Originally from Canada, Charles Poliquin is one of the world’s leading strength coaches. He’s trained the likes of Ben Pakulski, Gary Roberts, Chris Thorpe, Michelle Freeman, and Nanceen Perry. Alongside his success as a personal trainer, Charles is also a published author and a columnist, with 8 books and over 600 articles to his name.
Charles’ bodybuilding journey started at 14 years old, when he was introduced to weight training by his karate sensei. From that moment on, Charles began focusing all of his time and efforts to bodybuilding.
Over the years, he became an expert in the field of nutrition and strength training, with testimonials from a number of clients he’d coached during his 3-decade long career.
This is his story:
Full Name: Charles Poliquin Weight Height Year of Birth Nationality 175 - 185lbs (79.4 - 83.9kg) 5'9" (175cm) 1961 Canadian, American Profession Era Strength Coach 1980, 1990, 2000, 2010 Weight 175 - 185lbs (79.4 - 83.9kg) Height 5'9" (175cm) Year of Birth 1961 Nationality Canadian, American Profession Strength Coach Era 1980, 1990, 2000, 2010
- Author – 8 Books
- Columnist – 600+ articles
- Strength Coach
Charles’ Selected List of Trainees
- David Boston, NFL Pro Bowl wide receiver
- Al MacInnis, Retired NHL defenseman, Norris Trophy winner
- Joe Nieuwendyk, Florida Panthers, Conn Smythe Trophy winner, Stanley Cup winner
- Chris Pronger, Anaheim Ducks, Stanley Cup winner; winner of Norris and Hart Trophies
- Canadian short-track speedskating team
- Dwight Phillips, Olympic Gold Medalist long jumper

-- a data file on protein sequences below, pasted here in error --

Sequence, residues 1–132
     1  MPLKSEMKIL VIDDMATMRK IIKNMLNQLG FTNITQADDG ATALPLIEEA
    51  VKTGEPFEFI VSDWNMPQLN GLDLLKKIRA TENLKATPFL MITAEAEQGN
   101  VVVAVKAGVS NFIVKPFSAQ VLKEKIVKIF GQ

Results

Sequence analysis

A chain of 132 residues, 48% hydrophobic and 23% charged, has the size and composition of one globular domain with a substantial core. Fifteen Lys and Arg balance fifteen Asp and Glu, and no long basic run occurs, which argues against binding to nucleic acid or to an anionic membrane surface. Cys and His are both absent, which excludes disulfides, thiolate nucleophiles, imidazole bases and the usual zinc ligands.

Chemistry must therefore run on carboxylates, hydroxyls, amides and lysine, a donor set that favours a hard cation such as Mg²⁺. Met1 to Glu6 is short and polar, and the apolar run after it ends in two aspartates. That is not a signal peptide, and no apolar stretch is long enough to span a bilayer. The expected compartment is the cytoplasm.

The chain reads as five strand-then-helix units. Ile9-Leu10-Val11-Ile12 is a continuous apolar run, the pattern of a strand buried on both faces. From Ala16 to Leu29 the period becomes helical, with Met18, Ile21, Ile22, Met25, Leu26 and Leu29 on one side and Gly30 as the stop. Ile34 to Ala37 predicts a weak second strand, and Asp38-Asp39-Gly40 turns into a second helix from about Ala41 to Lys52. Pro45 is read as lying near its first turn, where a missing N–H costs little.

- Nanceen Perry, World Record Holder 4 x 200 meter
- Michelle Freeman, former number 1 ranked hurdler in the World.
- Chris Thorpe, Olympic Silver & Bronze Medalist, Double’s Luge
- Adam Nelson, World Champion & 2x Olympic Silver Medalist, Shot Put
- Ben Pakulski, Top Canadian Bodybuilder and Trainer
- Gary Roberts, NHL player
From Karate to Strength Training
Born and raised in Ottawa, Ontario, Charles Poliquin was one known as an incredible karate student in his youth. At 14, he became the second-youngest Canadian to achieve a black belt in the martial art.
During one of his training sessions, Charles happened to be the only student who was present that day; others didn’t come due to the harsh weather conditions. Because of this, his sensei decided they would spend their time training with weights instead of practicing karate, in Charles’ words; “My sensei Web Corcoran couldn’t see teaching karate to a class of one, so we spent the time lifting weights.” This is where Charles’s bodybuilding journey began.